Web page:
Author(s): Guerin TF
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Abstract Soil from a former creosoting plant containing phenols and polycyclic aromatic hydrocarbons, was remediated using an ex-situ landtreatment process. Total 16 USEPA priority PAH and total phenol were reduced from 290 mg/kg and 40 mg/kg to < 200 mg/kg and 2 mg/kg, respectively. The bioremediation process involved soil mixing, aeration, and slow release fertilizer addition. The indigenous populations of PAH and phenol utilizing populations of microorganisms were shown to increase during the treatment process, indicating that biostimulation was effective. The most extensive degradation was apparent with the 2- and 3-ring PAH, with decreases of 97\% and 82\%, respectively. The higher molecular weight 3- and 4-ring PAH were degraded at slower rates, with reductions of 45\% and 51\%, respectively. Six-ring PAH were degraded the least with average reductions of < 35\%. The residual concentrations of PAH and total phenol obtained in the study allowed the treated soil to be disposed of as low level contaminated landfill.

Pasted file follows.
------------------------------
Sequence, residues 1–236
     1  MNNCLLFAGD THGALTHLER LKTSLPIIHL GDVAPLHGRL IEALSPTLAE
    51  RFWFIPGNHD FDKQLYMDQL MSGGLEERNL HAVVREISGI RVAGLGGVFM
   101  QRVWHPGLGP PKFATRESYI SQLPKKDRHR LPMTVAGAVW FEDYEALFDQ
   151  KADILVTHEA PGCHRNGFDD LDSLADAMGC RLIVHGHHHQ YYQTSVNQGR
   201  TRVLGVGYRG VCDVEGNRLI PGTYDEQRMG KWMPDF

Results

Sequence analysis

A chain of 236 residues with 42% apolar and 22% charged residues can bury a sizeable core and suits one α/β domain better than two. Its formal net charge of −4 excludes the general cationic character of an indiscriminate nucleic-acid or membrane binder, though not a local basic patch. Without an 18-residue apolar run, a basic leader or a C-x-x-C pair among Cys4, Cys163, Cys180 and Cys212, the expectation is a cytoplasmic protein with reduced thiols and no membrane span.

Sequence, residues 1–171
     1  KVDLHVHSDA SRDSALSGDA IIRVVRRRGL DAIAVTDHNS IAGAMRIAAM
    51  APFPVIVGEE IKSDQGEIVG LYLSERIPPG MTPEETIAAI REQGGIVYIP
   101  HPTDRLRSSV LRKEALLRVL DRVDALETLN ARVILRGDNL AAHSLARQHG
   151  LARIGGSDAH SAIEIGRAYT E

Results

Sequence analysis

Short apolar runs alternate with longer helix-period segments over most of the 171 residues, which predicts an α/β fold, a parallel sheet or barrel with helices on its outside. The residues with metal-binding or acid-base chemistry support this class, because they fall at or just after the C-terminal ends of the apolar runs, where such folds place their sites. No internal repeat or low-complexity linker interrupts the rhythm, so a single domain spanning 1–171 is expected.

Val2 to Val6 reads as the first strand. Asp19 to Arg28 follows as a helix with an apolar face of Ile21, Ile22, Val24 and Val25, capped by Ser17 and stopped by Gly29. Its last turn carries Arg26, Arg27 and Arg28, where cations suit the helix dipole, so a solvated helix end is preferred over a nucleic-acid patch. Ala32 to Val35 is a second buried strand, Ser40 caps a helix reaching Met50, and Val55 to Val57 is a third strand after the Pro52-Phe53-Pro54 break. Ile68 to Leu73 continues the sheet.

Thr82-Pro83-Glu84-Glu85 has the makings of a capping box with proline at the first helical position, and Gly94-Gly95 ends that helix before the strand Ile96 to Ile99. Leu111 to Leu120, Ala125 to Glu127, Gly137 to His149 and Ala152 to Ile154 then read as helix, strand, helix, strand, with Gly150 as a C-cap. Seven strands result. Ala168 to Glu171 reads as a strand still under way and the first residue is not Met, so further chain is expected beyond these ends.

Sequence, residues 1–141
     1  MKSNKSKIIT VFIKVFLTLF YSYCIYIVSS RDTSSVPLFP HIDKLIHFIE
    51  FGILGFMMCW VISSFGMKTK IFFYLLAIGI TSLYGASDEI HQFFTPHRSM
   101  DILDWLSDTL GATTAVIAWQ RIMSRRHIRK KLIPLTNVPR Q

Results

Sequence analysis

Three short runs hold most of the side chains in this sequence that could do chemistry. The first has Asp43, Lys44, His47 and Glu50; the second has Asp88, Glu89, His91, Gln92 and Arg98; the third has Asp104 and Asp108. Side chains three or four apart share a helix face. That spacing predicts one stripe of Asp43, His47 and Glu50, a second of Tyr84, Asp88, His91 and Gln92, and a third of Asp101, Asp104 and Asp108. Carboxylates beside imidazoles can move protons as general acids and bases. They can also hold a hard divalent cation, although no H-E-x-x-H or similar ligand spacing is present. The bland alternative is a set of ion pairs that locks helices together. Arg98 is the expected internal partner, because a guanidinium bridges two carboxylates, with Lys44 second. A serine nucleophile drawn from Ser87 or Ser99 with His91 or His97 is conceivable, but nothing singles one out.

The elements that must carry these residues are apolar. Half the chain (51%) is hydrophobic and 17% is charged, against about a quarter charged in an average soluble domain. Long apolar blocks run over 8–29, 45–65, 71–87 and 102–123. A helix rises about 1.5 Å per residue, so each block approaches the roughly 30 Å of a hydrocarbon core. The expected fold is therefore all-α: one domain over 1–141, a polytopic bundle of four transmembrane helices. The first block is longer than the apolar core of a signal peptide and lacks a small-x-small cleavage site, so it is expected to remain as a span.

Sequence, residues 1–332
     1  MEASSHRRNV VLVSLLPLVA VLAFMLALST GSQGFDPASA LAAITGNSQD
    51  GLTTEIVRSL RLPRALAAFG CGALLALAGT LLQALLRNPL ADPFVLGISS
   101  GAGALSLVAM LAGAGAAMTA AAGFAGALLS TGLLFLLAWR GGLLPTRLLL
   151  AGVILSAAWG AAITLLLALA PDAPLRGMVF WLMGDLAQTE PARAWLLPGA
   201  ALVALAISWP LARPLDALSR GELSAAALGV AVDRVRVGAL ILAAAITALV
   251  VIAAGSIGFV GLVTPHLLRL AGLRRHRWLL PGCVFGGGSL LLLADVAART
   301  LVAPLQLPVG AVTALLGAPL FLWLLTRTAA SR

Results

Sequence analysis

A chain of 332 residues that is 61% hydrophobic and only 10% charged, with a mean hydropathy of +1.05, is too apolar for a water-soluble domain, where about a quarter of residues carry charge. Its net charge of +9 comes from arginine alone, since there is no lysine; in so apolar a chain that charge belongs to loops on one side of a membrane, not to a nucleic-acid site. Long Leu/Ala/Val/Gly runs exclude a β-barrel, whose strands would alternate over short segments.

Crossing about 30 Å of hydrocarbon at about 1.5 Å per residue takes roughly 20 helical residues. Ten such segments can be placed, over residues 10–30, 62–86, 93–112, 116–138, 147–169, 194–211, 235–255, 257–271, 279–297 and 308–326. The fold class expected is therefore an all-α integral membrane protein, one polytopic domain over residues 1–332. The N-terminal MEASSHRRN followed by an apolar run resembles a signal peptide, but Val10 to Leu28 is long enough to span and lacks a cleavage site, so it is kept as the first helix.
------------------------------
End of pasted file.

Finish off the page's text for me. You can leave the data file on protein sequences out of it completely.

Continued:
This article was published in J Hazard Mater
and referenced in Journal of Bioremediation & Biodegradation